He added: “Sylvain’s a pretty smart coach and he’s brought a new attitude to the game and the players have bought into it. At the same time we have to do the hard graft because the coming season is shaping up to be the toughest yet.

“It’s not getting any easier with all the clubs strengthening, it’s going to be a real battle this year which should be great for the supporters. As players it’s good to have that high standard of competition week-in week-out.

“We know we have to be better this year, finishing second isn’t good enough.”


New signing William Barthau has returned to France following a three-season stint at London Broncos. The 29-year-old former Catalans Dragons back is delighted to be back in his home country and is looking forward to turning out in the blue shirts of Toulouse.

“The French game is unique,” he said, adding: “When I came back from London I had to rediscover French culture and the way we play the game.

“The training methods are so different to anywhere else and we are being asked to look at everything differently. Along with strength and fitness conditioning we have yoga and meditation. The way we put the ball around in practise is so different to any other club.

“It is a refreshing approach and as a French player I’m very excited about the way we are going to play this season. You are going to see a new kind of rugby from Toulouse.

“I don’t want to give any secrets away but I can promise that people will enjoy watching Toulouse play Rugby League this year.

“We’ve got a massive opportunity to make a real mark here in the new stadium. It’s one of the best pitches in the country and we have no excuses now, we’ve got all the support and facilities we need, it’s up to us now to show what we can do.”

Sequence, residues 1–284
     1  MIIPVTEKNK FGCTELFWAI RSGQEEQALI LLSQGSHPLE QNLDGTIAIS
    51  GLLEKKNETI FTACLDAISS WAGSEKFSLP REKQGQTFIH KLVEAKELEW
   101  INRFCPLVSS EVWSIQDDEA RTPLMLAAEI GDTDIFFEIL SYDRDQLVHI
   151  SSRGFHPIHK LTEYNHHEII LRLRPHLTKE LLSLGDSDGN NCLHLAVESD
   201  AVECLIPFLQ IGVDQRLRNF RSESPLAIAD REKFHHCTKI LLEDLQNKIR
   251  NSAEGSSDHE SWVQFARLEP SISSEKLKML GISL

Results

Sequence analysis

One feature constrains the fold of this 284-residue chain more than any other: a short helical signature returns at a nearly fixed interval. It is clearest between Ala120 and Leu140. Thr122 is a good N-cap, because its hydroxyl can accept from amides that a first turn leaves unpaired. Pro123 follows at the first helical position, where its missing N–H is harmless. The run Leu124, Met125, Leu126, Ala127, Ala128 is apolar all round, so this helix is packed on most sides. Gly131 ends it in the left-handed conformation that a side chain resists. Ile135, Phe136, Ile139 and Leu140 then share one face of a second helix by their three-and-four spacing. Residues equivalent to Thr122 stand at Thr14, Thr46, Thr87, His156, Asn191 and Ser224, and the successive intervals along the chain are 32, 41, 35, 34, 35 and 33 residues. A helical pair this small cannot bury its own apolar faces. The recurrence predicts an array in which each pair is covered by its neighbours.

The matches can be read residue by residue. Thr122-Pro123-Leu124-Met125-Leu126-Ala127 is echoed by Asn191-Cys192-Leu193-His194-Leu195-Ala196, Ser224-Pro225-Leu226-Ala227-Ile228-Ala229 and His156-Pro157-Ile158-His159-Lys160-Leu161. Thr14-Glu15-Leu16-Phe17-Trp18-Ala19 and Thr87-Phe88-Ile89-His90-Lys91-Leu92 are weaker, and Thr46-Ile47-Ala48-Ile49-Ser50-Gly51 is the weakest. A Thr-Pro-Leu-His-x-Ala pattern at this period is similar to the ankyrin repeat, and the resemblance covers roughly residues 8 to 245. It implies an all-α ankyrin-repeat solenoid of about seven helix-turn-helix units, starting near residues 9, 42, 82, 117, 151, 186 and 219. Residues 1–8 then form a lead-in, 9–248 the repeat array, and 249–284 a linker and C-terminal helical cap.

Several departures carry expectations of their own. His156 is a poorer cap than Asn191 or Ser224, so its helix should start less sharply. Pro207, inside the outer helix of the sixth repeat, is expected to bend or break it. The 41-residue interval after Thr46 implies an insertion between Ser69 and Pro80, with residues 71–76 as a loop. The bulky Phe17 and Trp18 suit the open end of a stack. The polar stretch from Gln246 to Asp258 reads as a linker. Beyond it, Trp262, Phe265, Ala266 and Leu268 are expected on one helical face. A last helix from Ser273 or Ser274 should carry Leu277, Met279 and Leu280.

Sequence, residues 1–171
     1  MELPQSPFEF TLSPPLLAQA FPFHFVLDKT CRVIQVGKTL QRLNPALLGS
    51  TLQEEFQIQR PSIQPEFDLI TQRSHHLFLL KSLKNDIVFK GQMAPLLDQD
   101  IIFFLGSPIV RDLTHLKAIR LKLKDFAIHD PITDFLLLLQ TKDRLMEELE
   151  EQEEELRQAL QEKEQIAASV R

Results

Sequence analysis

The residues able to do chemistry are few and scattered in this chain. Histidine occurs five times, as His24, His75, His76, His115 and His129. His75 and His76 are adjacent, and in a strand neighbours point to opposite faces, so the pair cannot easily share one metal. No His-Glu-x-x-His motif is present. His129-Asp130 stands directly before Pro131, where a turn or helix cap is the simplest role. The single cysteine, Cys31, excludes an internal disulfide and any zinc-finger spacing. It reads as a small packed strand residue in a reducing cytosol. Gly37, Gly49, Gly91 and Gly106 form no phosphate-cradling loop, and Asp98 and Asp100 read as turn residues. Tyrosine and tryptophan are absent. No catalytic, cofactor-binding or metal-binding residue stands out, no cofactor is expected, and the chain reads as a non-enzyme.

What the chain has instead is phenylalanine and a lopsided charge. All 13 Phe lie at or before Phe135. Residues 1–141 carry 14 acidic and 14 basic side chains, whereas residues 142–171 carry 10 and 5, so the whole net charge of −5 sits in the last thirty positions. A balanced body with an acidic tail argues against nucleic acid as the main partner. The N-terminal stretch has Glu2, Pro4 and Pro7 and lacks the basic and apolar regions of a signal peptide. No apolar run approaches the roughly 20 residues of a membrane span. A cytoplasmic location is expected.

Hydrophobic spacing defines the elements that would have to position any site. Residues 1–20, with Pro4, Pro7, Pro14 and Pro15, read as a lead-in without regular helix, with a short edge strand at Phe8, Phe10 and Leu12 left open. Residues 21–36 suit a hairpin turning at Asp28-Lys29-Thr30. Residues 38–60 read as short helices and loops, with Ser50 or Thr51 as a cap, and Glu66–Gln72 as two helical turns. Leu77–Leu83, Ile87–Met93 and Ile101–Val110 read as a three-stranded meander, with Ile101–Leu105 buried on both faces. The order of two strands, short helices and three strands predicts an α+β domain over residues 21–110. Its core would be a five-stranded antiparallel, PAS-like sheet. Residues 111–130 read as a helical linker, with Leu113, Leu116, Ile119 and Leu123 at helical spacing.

Former Wigan Warriors prop forward Joe Bretherton is a perfect example of how Toulouse “do things differently.”

Arriving here on loan in 2018 as a 6’5” front-rower, Bretherton is now playing on the wing after trying several positions in the team. He signed a full-tine contract for Toulouse last season and has never looked back.

He told Catalan Media: “It was a massive lifestyle change when I first moved out here. But it’s easy to fit in because the people are just like back home in the north west of England they are so down to earth and friendly.

“The biggest shock for me was the way Toulouse approach the game. I was used to the Wigan way and Shaun Wane’s tried and tested training techniques which have obviously been successful over the years.

“It is totally different here in Toulouse where it’s a very French approach. Sylvain explained to me that he wanted me to bring my experiences from Wigan to help build structure into the team but at the same time he wanted me to adopt to the free-flowing techniques at the club.